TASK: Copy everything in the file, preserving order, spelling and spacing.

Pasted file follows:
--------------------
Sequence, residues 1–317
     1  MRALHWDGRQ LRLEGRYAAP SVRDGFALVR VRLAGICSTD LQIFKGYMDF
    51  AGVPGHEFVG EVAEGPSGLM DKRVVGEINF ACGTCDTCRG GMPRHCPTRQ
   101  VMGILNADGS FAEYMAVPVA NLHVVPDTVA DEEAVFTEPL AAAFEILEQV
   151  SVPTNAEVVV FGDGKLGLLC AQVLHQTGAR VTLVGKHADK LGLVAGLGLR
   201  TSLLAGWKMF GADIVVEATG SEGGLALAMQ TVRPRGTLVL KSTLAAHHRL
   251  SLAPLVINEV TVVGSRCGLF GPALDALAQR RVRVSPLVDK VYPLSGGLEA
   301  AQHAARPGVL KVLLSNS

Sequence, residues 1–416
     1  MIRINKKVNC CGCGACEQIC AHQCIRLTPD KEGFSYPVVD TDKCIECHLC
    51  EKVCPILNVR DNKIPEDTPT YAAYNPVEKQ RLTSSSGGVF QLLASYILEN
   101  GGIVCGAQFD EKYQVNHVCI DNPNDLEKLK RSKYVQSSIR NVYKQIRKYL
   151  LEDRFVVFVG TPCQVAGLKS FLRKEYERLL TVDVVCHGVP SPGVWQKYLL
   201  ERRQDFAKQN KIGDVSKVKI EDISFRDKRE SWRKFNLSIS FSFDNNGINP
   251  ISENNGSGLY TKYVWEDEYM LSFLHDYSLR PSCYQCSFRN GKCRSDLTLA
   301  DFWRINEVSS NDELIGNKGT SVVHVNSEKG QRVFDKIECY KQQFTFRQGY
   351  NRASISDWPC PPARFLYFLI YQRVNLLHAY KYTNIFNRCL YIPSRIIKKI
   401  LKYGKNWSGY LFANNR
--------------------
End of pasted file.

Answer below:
Sequence, residues 1–317
     1  MRALHWDGRQ LRLEGRYAAP SVRDGFALVR VRLAGICSTD LQIFKGYMDF
    51  AGVPGHEFVG EVAEGPSGLM DKRVVGEINF ACGTCDTCRG GMPRHCPTRQ
   101  VMGILNADGS FAEYMAVPVA NLHVVPDTVA DEEAVFTEPL AAAFEILEQV
   151  SVPTNAEVVV FGDGKLGLLC AQVLHQTGAR VTLVGKHADK LGLVAGLGLR
   201  TSLLAGWKMF GADIVVEATG SEGGLALAMQ TVRPRGTLVL KSTLAAHHRL
   251  SLAPLVINEV TVVGSRCGLF GPALDALAQR RVRVSPLVDK VYPLSGGLEA
   301  AQHAARPGVL KVLLSNS

Sequence, residues 1–416
     1  MIRINKKVNC CGCGACEQIC AHQCIRLTPD KEGFSYPVVD TDKCIECHLC
    51  EKVCPILNVR DNKIPEDTPT YAAYNPVEKQ RLTSSSGGVF QLLASYILEN
   101  GGIVCGAQFD EKYQVNHVCI DNPNDLEKLK RSKYVQSSIR NVYKQIRKYL
   151  LEDRFVVFVG TPCQVAGLKS FLRKEYERLL TVDVVCHGVP SPGVWQKYLL
   201  ERRQDFAKQN KIGDVSKVKI EDISFRDKRE SWRKFNLSIS FSFDNNGINP
   251  ISENNGSGLY TKYVWEDEYM LSFLHDYSLR PSCYQCSFRN GKCRSDLTLA
   301  DFWRINEVSS NDELIGNKGT SVVHVNSEKG QRVFDKIECY KQQFTFRQGY
   351  NRASISDWPC PPARFLYFLI YQRVNLLHAY KYTNIFNRCL YIPSRIIKKI
   401  LKYGKNWSGY LFANNR